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Cottonseed meal serves as excellent organic fertilizer

Cottonseed meal serves as excellent organic fertilizer

Posted: Tuesday, September 23, 2008 9:14 pm
By: Jimmy Williams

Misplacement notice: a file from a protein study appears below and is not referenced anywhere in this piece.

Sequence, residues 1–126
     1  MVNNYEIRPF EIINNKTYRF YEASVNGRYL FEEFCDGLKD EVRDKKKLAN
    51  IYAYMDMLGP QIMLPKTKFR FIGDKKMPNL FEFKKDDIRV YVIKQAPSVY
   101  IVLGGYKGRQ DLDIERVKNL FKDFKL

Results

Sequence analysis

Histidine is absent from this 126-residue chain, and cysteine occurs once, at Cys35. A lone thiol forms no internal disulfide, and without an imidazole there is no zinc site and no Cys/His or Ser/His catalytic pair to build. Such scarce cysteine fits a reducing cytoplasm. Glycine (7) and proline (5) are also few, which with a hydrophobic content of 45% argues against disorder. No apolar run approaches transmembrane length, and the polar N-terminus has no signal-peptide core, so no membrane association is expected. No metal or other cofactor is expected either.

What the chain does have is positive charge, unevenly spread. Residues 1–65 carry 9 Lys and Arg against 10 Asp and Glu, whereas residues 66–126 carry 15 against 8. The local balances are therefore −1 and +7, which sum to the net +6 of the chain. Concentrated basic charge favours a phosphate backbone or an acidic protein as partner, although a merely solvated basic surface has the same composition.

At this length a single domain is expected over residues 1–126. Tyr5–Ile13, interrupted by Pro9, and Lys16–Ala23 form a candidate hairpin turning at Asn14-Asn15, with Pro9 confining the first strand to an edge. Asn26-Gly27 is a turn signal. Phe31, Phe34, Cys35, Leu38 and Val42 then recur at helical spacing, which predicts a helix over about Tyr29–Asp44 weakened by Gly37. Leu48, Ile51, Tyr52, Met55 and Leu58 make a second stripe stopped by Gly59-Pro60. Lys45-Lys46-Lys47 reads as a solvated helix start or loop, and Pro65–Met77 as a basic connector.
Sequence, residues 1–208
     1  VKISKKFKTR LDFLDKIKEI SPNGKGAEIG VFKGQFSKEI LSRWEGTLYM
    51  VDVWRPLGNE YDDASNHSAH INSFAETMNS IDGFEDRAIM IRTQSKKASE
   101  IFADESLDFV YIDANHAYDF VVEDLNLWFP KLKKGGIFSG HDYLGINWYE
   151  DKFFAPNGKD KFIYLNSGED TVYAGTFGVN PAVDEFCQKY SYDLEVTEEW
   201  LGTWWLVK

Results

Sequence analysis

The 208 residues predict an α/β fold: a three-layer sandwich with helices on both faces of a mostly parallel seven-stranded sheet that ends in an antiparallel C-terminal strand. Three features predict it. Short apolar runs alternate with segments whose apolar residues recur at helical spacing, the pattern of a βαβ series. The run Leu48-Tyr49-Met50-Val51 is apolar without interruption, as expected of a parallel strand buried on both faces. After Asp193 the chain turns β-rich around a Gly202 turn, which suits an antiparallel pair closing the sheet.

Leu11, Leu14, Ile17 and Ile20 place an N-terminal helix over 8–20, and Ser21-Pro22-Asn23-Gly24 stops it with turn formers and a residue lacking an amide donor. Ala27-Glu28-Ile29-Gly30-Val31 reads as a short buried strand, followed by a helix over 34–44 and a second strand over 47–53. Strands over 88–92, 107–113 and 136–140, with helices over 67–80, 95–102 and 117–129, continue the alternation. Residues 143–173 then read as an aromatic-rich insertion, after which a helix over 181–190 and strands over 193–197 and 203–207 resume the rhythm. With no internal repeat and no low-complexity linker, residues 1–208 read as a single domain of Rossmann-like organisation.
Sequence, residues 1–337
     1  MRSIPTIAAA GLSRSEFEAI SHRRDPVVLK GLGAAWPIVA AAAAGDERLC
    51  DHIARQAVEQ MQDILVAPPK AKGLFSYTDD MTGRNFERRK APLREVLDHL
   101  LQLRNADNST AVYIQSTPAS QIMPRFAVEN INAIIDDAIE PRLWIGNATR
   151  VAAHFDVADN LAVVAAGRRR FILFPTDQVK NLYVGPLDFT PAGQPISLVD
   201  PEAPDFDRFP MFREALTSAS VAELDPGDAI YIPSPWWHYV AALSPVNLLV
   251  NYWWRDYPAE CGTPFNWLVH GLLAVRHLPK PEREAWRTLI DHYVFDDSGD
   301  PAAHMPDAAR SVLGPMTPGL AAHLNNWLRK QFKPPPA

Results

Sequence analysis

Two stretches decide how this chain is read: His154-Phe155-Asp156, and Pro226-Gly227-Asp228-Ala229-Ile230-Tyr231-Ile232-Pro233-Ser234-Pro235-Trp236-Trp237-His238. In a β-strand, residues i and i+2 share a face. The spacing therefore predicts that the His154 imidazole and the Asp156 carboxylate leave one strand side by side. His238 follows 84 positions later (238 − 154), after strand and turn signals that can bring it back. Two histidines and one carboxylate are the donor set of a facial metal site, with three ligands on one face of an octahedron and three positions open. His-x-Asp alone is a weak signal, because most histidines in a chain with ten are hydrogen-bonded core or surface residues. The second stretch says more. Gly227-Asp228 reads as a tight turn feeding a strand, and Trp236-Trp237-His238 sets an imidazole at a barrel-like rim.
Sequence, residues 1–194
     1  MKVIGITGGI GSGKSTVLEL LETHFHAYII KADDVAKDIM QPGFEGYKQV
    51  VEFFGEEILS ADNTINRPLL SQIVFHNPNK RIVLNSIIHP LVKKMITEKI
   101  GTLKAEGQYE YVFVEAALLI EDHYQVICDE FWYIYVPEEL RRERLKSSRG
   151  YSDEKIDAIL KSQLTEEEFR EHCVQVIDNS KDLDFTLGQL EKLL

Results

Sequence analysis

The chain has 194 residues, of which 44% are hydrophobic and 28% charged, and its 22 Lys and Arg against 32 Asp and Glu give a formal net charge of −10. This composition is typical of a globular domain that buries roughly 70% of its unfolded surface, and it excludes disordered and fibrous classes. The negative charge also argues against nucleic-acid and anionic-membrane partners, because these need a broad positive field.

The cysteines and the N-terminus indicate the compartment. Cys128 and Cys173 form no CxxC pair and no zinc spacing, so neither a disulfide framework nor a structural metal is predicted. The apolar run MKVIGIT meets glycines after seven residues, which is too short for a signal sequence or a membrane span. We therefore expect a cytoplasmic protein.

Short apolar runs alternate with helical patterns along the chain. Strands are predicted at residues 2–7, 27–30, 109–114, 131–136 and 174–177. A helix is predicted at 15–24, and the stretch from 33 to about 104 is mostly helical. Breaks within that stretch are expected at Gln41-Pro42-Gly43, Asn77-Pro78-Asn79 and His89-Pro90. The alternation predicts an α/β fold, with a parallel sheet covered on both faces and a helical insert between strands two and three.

It has been in with a relative few gardeners for years. The organic growers among us, with their crusades against anything that smacked of “chemicals,” have been around for a long time. Now Al Gore and his Goreable warming binge have led a resurgence and reiteration into green, this time enhanced with such claptrap as “carbon footprints” and “reverse ecology.” Leaving the latter to those able to understand it, let us do some reiterating of our own: Organic fertilizers have been around since the first mammoth pooped and the caveman discovered that big glob of lush grass in the vicinity. Even with his walnut-sized brain, Thag was able to put the puzzle together and apply the miracle elixir to his staghorn fern. The resulting leafage went mighty well as a salad with roast haunch of mammoth. Since that time, organic fertilizers have consisted of everything from bat guano (the richest) to dried kelp, blood and bone meal, and on down to my own all-round favorite, chicken manure. I say all-round, because chick poop is a fine fertilizer for nearly everything you grow, and is obtainable in the bulk from local commercial chicken growing operations. It is generally available mixed with rice hulls that are used for litter in the big chicken houses. On the other hand, there are other organics that are more specialized in nature, enhancing growth on this or that class of plants. Cottonseed meal is among the resurging organic fertilizers. It has been available all along, but was more noticed years ago when cotton was more widely grown in this area. Now, with cotton limited to a few farms in the southern part of our county, cottonseed meal has faded from recollection as a fertilizer. That is a shame, because it is excellent, particularly for acid loving things such as azaleas and rhododendrons. Cottonseed meal, the resulting by-product of crushing operations that produce cottonseed oil, is high in nutrients for an organic. (Most organics are relatively low in nutrition, but there are other advantages from them.) It contains 6-7 percent nitrogen, 1-2 percent phosphorus, and one percent potassium. Thus, the numbers 7-2-1. These seem low, when you can buy a bag of lawn fertilizer that contains 20-3-6, or something like that, or even ammonium nitrate with 33 percent nitrogen. That is not the whole story, however. Organic fertilizers such as cottonseed meal and manures feed the soil, rather than the plant, building the soil to better and better condition over extended use. “Artificial” fertilizers (they’re not artificial, they’re real), on the other hand, can wear out soil over a long period of time. Witness the worn out, gullied land yet extant in some areas here from the misuse, via extended cotton crops for years, before the Civil War. Cottonseed meal will not burn any plant, even if overused. A hard shot of ammonium nitrate, however, can literally burn up a lawn if it is slightly wetted by rain after application and not thoroughly watered in. Cottonseed meal is recommended for annual and perennial flowers, shrubs (and especially azaleas), vegetables, roses and trees. The latter will benefit from cottonseed meal added to the backfill when planting is done. With the reborn interest in organics, merchandizers are getting on the bandwagon and promoting their particular products. In the present case, there is an organization known as the National Cottonseed Products Association which has the aim of bringing cottonseed meal use back into popularity. The association is seeing to it that cottonseed meal is again widely offered by garden centers, farm stores and other outlets. It is working, and I can report that cottonseed meal is available here at such businesses. For any other than very small application, a 30-pound bag is the minimum to get you going. ————— From Poor Willie’s Almanack — Get greening. Published in The Messenger 9..23.08

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